October 3, 2016

By Phil Maynard

I have worked with a surprising number of churches recently that have expressed a need to help their members and friends learn how to build relationships. This is, of course, a foundational practice in the church, because . . .

• First time guests are much more likely to feel welcome if worship participants engage them in conversation and begin to build a relationship.

• Making disciples most often begins with a conversation leading to a relationship, and then leading to a decision to begin the journey of discipleship.

• Members becoming engaged in the life and ministry of the congregation begin this connection through conversations, the building of strong relationships, and developing friendships.

• Those persons engaged through service by the congregation are much more likely to discover the love of Jesus as the people serving enter into conversations and develop relationships.

This practice of having conversations and building relationships is a big deal!

How do we really create a relationship? It is very useful to create a framework to help congregations make meaningful connections and build relationships that matter.

• First, we must catch each other’s attention. This may take the form of mentioning a family’s relationship-building-imagechildren or appreciating a person’s attire, using the proximity of location as an in-road to begin a conversation or just mentioning that you don’t know them even though they are sitting next to you, and using that moment of humble confession as an entry into conversation.

• Once we have established each other’s preliminary attention, we need to establish an interest in having a deeper conversation. The obvious interest for those already worshiping together would be their tenure at the church or involvement in church activities, or in the case of first-time guests, their experience of how they came to try this church. This movement of establishing an interest can include conversation around families, schools, sports, hobbies, or even favorite restaurants.

• There usually follows a period of exploration—a period of asking and answering each other questions, of probing for areas of common interest, of testing whether the other has anything to contribute to us, and whether we have anything to contribute to the other. The key here is learning to ask good questions. Be curious! With more people engaged in active and intentional relationship building, there is plenty of opportunity for people with common affinities or goals to get matched together. You don’t have to be EVERYBODY’s friend.

One way we explore our identities is sharing “our stories.” We have all grown up, encountered challenges large and small, and figured out what to do to move forward. And the ways we figure things out at these moments of choosing reveal the values and interests that matter most to us. Therefore, one of the most direct forms of exploration is to learn each other’s stories, focusing on these key choices. Why did you go to school here rather than there? Why did you study this rather than that? Why did you decide to emigrate rather than remain at home? And as we begin learning each other’s answers to these questions, we learn more about each other, what it is that moves us, and what it is we have experienced on our journey to this point that has uniquely prepared us to work with these people in this time and place.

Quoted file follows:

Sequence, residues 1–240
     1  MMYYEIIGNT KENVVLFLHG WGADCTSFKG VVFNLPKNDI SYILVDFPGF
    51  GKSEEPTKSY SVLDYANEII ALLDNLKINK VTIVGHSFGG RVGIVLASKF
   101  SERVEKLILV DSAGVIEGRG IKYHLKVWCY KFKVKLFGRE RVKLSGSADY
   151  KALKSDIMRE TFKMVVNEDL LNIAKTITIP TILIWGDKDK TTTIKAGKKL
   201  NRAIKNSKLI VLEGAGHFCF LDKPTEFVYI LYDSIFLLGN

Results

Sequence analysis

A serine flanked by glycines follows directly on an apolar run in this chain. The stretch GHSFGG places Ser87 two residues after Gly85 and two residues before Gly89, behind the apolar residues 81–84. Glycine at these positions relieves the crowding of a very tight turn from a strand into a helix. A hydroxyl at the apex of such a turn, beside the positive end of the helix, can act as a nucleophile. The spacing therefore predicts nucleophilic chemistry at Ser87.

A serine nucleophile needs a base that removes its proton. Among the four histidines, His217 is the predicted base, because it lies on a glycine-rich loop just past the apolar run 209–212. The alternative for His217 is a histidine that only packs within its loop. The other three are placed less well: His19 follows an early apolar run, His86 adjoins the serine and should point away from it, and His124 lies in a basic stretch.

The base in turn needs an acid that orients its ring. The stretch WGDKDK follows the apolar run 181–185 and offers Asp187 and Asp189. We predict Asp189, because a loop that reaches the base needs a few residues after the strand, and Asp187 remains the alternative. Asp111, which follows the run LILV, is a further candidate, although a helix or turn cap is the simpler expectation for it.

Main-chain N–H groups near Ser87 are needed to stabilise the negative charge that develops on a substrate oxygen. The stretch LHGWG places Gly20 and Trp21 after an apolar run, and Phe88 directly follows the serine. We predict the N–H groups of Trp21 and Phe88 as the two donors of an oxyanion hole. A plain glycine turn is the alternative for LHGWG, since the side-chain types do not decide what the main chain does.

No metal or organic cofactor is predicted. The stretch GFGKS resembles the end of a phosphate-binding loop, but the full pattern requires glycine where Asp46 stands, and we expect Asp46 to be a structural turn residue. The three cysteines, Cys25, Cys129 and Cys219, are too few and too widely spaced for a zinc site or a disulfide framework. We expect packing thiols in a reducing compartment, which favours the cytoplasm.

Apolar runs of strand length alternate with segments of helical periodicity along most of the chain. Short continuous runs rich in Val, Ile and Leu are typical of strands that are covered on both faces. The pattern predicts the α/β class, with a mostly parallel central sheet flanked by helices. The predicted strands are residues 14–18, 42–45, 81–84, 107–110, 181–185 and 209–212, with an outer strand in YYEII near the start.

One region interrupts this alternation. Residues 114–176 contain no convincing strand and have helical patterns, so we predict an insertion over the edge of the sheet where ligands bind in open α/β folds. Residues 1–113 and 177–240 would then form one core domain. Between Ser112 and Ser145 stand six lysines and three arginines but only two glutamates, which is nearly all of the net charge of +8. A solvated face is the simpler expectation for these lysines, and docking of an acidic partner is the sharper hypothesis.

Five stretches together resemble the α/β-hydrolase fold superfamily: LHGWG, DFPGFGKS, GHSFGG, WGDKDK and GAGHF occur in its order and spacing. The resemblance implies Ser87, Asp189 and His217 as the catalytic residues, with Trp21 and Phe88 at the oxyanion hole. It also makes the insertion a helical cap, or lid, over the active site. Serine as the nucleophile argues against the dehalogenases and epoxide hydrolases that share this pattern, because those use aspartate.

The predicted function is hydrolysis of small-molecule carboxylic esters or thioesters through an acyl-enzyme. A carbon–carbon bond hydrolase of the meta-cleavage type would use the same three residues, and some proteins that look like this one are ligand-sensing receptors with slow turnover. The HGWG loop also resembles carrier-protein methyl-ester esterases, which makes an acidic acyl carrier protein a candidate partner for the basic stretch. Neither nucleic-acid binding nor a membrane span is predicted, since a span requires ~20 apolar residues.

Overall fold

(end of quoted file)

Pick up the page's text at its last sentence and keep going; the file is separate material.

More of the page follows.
• As a result of our exploration, we may begin to make exchanges—not just at some point in the future, but in the present, then and there within the conversation. We may turn out to be a good listener for someone who just needs an empathetic ear. We may find we are learning a great deal from our interaction with the other person. We may find we have an opportunity to offer another person some insight, support, or recognition that they find valuable. We may find we can challenge the other person in ways that may bring them new insight. We may also discover a basis for future “exchanges”—such as going to see a movie we both want to see, working on a service project together, deciding to come to an event or activity our new acquaintance has told us about, or just deciding to have another conversation and seeing what happens.

• Finally, if we’ve determined a basis may exist for the possibility of a deeper relationship to develop, we make a commitment to that potential relationship by agreeing to meet again, have coffee, come to the meeting, send emails, etc. What turns a relatively casual exchange into an actual relationship is the commitment we make to each other and to getting together for an extended period of time. Of course, the flip side of this is that people sometimes make the mistake of trying to go right to a commitment without laying a relational basis for it first (which can seem pushy or can just be a bad fit if there are no natural affinities on which to base the relationship).

Although most people recognize these suggestions as a natural progression from conversation to a richer relationship, there is a distinct difference between conversations and relationships that just happen by chance (which is the way most of us developed most of our friendships) and conversations and relationships that happen because we are being intentional in making them happen (which is what Jesus calls us to). Want to know more about how to help your congregation develop relationships that matter?

That’s why I’ve been working on the resource Connect! Creating a Culture of Relationships That Matter and its companion book, Connect! For Individuals and Small Groups. Click the links to discover a new and powerful resource to support your congregation in developing relationships inside and outside the church.

Click HERE to learn about how you can bring this powerful workshop to your area or your congregation. And, as always, we’d love for you to share your own experiences in the comment section!